India must seize its chance to cement ties with Malaysia as Mahathir Mohamad seeks to counter China's trade hegemony

It is time India seriously engaged veteran politician and Malaysia’s new Prime Minister Mahathir Mohamad. The 93-year-old Mahathir’s unexpected second innings in Malaysia’s highest political office promises to be very interesting, particularly for his country’s relationship with China. He is currently on a five-day official tour of China, first since becoming prime minister. He is not shy about expressing his opinions.

One of the major reasons attributed to the stunning electoral triumph of the Opposition coalition he formally led was the rising national debt and gross financial mismanagement of former prime minister Najib Razak and his family. Another one was the China factor. While outside the circle of power, Mahathir’s stinging criticism of Chinese investment deals with Malaysia during his predecessor’s tenure underpinned his foreign policy agenda. Throughout his electoral campaign, he maintained that he would renegotiate those agreements with China which were found lopsided against Malaysia.

Malaysia prime minister Mahathir Mohamad. Reuters

Malaysia prime minister Mahathir Mohamad. Reuters

Ever since he has returned to power in May, with his physical and intellectual faculties surprisingly intact, Malaysians have witnessed unprecedented domestic political changes along with an independent-minded and pragmatic approach to international diplomacy. Much to Beijing’s dismay, the Mahathir government has taken the bold step of suspending many high-profile Chinese investments deals, igniting prospects of shaking Southeast Asia’s geopolitical landscape. India must seize this opportunity.

Chinese president Xi Jinping’s grand geopolitical bet – the Belt and Road Initiative (BRI) – had received extremely warm reception under the previous scandal-tainted government led by Razak. In particular, Chinese investments in the East Coast Railway (ECR) and Melaka Gateway became the centrepiece of the BRI. In fact, the ambitious ECR project – whose 85 percent cost is financed by Chinese soft loans with the rest coming from Malaysian lenders – has been envisaged as a viable alternative to the Strait of Malacca and the South China Sea. Projected as a “game changer” by the previous government, the ECR would connect Malaysia’s east coast to Port Klang on the west coast. Now, the Chinese companies handling the ECR project have been handed suspension notices. The Melaka Gateway project, another multi-billion harbour project built on artificial islands that will include a new deep-sea port, is also under scanner. Mahathir has said: “We don’t think they are viable. So if we can, we would like to just drop the projects.”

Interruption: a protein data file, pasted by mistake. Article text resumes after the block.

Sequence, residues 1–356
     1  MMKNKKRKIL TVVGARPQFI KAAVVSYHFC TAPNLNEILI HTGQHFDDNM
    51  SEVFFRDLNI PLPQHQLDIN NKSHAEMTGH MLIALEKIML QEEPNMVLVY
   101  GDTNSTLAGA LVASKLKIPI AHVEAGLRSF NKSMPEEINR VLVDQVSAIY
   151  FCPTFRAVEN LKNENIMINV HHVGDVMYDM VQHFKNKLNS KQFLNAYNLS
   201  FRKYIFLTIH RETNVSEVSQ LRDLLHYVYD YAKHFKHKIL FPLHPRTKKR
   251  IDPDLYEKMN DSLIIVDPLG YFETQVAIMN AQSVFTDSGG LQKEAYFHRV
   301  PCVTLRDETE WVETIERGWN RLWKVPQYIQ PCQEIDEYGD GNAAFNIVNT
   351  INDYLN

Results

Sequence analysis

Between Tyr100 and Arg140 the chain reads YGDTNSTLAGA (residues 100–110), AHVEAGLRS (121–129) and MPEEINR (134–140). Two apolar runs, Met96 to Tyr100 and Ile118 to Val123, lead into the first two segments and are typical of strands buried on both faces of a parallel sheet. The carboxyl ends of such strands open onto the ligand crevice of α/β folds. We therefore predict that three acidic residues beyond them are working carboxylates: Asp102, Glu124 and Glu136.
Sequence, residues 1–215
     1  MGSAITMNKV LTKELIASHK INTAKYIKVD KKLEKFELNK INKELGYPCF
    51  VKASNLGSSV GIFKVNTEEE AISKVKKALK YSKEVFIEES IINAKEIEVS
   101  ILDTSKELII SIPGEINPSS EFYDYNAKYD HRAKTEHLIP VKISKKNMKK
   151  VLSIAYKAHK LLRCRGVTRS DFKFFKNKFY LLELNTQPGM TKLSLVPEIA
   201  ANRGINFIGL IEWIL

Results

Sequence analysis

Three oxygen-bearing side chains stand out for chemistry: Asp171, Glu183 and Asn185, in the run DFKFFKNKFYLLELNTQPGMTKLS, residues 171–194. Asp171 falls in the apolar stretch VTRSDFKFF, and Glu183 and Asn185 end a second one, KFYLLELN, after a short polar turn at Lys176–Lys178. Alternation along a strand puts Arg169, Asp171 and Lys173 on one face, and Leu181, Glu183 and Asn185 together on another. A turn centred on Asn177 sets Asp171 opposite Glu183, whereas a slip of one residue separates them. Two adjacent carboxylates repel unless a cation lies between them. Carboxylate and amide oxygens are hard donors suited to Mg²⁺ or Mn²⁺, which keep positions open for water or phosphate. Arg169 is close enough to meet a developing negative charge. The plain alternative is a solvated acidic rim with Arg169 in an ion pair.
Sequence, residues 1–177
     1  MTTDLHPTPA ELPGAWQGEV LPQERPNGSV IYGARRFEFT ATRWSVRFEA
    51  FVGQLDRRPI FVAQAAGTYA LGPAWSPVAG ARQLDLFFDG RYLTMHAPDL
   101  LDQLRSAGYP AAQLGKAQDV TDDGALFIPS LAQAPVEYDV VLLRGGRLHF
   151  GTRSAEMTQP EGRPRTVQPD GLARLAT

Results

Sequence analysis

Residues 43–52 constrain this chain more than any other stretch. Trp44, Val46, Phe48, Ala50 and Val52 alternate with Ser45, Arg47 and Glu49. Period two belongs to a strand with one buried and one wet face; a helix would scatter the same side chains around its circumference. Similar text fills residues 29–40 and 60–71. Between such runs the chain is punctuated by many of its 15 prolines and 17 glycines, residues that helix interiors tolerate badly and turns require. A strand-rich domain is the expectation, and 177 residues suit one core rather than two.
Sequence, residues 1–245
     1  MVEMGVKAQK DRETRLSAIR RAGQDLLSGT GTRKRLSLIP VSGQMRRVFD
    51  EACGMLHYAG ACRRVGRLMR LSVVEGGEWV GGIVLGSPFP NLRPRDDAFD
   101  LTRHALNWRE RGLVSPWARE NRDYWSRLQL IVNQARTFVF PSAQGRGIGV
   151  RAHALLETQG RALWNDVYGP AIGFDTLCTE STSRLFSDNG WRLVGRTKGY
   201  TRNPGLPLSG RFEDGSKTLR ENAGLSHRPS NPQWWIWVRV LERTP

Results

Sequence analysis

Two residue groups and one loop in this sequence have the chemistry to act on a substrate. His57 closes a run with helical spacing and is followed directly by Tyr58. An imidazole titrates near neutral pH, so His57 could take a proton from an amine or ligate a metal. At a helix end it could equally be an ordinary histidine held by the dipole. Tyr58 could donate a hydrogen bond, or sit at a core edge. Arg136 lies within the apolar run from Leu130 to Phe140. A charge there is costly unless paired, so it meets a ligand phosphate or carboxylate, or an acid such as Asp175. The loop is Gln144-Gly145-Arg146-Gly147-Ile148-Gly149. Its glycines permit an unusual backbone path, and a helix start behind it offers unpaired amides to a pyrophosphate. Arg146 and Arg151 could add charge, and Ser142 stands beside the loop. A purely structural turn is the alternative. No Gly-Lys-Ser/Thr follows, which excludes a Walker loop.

The South China Sea is a controversial issue among many ASEAN countries and China. Mahathir’s vocal stance on the South China Sea has indicated that he would like Malaysia to become more assertive on the issue. He has been very blunt in expressing his dissatisfaction over attempts being made to militarise the South China Sea, warning that warships cannot be permanently stationed there. According to Mahathir, “We are all for ships, even warships, passing through, but not stationed here. It is a warning to everyone. Don’s create tension unnecessarily.”

Many renowned Malaysians have also criticised Forest City and other real estate projects built by Chinese companies for Chinese homebuyers as a type of neo-colonialism. While the Malaysian desire for Chinese economic and infrastructural assistance is real, so are concerns over Chinese investment. Mahathir’s concerns on the viability of China’s grand connectivity projects are not unfounded, and they only vindicate India’s apprehensions regarding China’s misuse of sovereign debt to bend other states to its will.